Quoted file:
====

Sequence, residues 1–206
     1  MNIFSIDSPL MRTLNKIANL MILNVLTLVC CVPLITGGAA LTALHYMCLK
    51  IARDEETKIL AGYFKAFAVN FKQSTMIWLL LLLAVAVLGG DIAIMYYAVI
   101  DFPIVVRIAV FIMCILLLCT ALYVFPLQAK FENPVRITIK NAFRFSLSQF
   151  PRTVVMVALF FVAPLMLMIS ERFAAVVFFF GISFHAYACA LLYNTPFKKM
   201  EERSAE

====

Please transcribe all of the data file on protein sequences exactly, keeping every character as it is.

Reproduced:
Sequence, residues 1–206
     1  MNIFSIDSPL MRTLNKIANL MILNVLTLVC CVPLITGGAA LTALHYMCLK
    51  IARDEETKIL AGYFKAFAVN FKQSTMIWLL LLLAVAVLGG DIAIMYYAVI
   101  DFPIVVRIAV FIMCILLLCT ALYVFPLQAK FENPVRITIK NAFRFSLSQF
   151  PRTVVMVALF FVAPLMLMIS ERFAAVVFFF GISFHAYACA LLYNTPFKKM
   201  EERSAE